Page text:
Monthly Archives: May 2013

Gary Mason death junction: Sutton council shrug their shoulders

Just over one year ago, my first ever post on this blog was about the death of Gary Mason, who was hit by a van at a poorly-designed junction in January 2011. Sutton Borough Council, the local authority responsible for this deadly design, have decided that their roads aren’t in any way responsible for this tragic incident, and there’s no need to change the junction. I disagree.

Let’s recap.

It was early on a dark winter morning when Mason was struck by a van driven by Piero Zanelli, who was travelling north along Woodcote Road and turning right into Sandy Lane South.

It isn’t known whether Mason was on his bike turning right at the junction (i.e. about to turn north along Woodcote Road), or if he was crossing on foot while pushing his bike.

The junction at the location of the accident is dreadfully designed. In the image below we can see my rough diagram of what happened.

A photograph of the junction where boxer Gary Mason was killed. A green line shows the path which vehicles turning right should take, but the junction's poor design allows drivers to cut the corner, which is shown in red.

Drivers turning right should follow the green line, but it’s easier to cut the corner along the red line. Approximate location of Gary Mason shown. (Photo: Google Maps)

We can see the path which vehicle drivers should follow in green. But as the whole junction is one huge swathe of tarmac with only paint for guidance, there is nothing to stop a driver from following the desire line and cutting the corner. (Why is the striped area not a raised island?)

Here is another view, from above:

An aerial photo showing the dangerous nature of the junction of Sandy Lane South and Woodcote Road.

The same junction, but from above. Green line is legal path, red line is common short cut. Yellow star shows approximate location of collision. (Photo: Bing Maps)

So what is Sutton council’s response to the death of a human being, for which their road layout is clearly responsible? Surely any idiot can see that this design is dangerous?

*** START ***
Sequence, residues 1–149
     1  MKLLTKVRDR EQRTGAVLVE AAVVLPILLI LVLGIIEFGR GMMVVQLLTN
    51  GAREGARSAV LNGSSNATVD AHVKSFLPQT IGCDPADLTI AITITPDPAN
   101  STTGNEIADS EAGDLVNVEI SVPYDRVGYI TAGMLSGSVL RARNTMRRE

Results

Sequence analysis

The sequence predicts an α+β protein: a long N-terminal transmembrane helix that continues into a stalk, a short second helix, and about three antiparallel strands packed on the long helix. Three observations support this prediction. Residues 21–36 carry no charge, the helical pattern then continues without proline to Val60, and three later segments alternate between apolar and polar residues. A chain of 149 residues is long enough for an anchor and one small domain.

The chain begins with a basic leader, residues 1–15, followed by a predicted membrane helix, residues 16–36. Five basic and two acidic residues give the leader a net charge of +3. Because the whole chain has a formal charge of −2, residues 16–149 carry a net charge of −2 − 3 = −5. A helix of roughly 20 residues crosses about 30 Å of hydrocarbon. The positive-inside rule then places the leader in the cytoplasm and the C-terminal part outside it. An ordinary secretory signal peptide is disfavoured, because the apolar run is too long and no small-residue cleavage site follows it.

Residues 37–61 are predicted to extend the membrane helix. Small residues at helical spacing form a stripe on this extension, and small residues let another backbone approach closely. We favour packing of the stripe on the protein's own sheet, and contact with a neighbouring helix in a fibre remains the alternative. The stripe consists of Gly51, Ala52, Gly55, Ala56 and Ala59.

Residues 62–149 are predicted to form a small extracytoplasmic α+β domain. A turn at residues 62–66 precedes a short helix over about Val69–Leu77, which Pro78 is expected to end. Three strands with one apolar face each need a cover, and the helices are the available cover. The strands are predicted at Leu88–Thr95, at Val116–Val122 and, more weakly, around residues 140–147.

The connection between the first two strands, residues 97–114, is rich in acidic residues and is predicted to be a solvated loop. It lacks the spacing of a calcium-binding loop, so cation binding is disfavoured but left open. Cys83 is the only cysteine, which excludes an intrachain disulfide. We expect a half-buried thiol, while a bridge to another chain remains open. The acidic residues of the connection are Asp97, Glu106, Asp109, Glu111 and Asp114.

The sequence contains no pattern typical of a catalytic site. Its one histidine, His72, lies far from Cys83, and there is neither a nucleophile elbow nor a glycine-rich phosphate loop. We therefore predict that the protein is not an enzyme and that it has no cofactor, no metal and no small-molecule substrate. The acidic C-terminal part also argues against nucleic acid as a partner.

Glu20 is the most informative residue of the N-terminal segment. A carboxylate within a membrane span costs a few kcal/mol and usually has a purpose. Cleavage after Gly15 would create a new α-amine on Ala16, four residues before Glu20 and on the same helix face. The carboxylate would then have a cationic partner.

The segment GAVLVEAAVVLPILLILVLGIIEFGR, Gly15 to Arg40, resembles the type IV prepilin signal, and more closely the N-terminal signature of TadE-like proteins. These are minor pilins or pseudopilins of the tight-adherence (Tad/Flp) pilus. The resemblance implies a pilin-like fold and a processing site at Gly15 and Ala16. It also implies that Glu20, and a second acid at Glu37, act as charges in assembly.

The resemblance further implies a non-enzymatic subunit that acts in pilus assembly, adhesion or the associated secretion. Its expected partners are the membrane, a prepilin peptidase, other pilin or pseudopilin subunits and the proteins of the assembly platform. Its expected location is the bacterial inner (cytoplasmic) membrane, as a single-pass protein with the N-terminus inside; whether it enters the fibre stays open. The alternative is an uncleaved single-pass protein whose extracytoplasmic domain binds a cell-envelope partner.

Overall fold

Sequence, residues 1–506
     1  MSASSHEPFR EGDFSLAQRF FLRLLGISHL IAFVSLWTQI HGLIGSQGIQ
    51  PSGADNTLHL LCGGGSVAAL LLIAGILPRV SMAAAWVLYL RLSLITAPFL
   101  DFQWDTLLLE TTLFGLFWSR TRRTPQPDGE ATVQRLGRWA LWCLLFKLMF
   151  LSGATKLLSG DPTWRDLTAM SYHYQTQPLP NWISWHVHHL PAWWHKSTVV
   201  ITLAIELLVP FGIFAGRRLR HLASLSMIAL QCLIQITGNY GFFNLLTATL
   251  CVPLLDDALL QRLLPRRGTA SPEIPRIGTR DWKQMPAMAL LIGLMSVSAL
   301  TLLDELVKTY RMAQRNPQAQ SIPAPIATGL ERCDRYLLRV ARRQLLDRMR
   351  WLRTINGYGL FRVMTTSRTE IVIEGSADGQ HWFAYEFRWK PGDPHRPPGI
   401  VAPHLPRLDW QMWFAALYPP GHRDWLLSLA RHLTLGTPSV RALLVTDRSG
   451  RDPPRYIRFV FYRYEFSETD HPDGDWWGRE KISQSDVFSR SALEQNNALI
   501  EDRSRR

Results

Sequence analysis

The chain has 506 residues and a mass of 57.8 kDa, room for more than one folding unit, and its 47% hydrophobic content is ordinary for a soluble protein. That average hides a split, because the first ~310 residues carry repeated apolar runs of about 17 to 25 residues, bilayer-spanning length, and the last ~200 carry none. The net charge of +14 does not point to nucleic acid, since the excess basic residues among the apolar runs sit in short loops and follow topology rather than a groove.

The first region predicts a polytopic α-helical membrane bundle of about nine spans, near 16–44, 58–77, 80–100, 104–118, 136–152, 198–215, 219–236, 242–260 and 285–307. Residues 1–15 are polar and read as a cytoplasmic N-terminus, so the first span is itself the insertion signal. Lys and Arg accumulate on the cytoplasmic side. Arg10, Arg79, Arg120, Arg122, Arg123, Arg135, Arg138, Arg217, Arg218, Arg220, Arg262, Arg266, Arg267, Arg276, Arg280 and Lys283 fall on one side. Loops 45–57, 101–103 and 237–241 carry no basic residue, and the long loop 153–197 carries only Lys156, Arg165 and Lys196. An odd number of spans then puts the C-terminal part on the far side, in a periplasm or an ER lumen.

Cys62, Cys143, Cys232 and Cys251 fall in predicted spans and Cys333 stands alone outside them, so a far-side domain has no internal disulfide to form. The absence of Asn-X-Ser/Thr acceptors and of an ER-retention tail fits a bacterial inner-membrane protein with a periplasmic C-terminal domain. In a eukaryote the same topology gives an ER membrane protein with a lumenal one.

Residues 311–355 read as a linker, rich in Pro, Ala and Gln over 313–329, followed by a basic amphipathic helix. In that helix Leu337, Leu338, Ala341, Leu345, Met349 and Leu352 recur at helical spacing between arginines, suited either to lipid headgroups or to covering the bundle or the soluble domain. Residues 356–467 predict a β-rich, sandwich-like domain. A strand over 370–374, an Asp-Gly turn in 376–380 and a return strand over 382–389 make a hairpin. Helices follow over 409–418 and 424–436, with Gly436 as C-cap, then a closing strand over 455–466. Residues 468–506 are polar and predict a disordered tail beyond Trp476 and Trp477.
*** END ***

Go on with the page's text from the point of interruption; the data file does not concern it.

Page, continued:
“The Metropolitan Traffic Police and the Council’s traffic engineer carried out a joint inspection of the site soon after the accident and have assessed the site in relation to the accident you have mentioned in your email. I can confirm that no highway related factors have been identified by the inspection as being a contributory factor in relation to the said accident.”

That’s right. London’s finest have looked at this and somehow decided that there’s nothing which can be done to make this junction safer. (And people wonder why traffic engineers are so often lambasted on blogs like these? I know they’re not all bad, but honestly, I’d love to meet the traffic engineer who decided that this junction is just tickety-boo.)

This FoI response makes me so fucking angry. Here’s a highway authority ignoring a man’s death on their roads, for reasons I can only hazard a guess at. Are they not human? Don’t they have loved ones? Can they not empathise with Mason’s family? Do they never cross a dangerous road on foot?

Danger in the design

While I can’t excuse Zanelli’s driving, I can’t honestly condemn him either. People take their cues from their environment. We’ll never get 100% of people to follow all the rules all the time. To err is human, and so is taking a short cut. If following the desire line is “common at the junction“, then surely it’s easier to change the junction than the entire population. A simple raised island would do the job.

I’d be amazed if many drivers turning from Woodcote Road into Sandy Lane South follow the painted markings (unless there are cars turning right from Sandy Lane onto Woodcote Road, which would prevent the short cut manoeuvre). I expect that the red line is followed thousands of times a day, by a significant proportion of drivers. (Zanelli even admitted cutting the corner “eight times out of ten” if he thought the road was clear. Yet despite this clear admission of failure to follow driving rules, he was not prosecuted.)

Road design should be clear and explicit to prevent dangerous manoeuvres. The road design here is vague and permissive, with nothing to prevent people from taking a dangerous short cut.

Wider perspective

There’s a wider traffic engineering issue here too. Where was Zanelli going? If he had business on Sandy Lane or the streets around it then fair enough, but I suspect that most drivers turning right here are using the residential street as a short cut and a rat run, to avoid the junction of Woodcote Road and Stafford Road. Why do we allow what should be quiet, living streets to be used as main through-routes for thousands of motor vehicles?

Zoom out and you’ll see that Woodmansterne Lane and Sandy Lane can be used to avoid two junctions and knock half a mile off the route through the area. Why are these minor roads available to people who are merely passing through? What’s the point of those orange and green roads if not to carry the through-traffic? Why are Sutton council fiddling around the edges of the dangerous Woodmansterne Lane/Woodcote Green junction, rather than closing them to through-traffic altogether?